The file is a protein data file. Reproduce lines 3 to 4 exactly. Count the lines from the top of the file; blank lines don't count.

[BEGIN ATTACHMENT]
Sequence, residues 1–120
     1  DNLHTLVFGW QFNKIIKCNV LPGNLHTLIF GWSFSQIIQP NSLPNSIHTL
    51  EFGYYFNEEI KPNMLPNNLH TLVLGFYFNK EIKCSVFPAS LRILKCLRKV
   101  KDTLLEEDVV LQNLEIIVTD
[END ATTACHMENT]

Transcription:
    51  EFGYYFNEEI KPNMLPNNLH TLVLGFYFNK EIKCSVFPAS LRILKCLRKV
   101  KDTLLEEDVV LQNLEIIVTD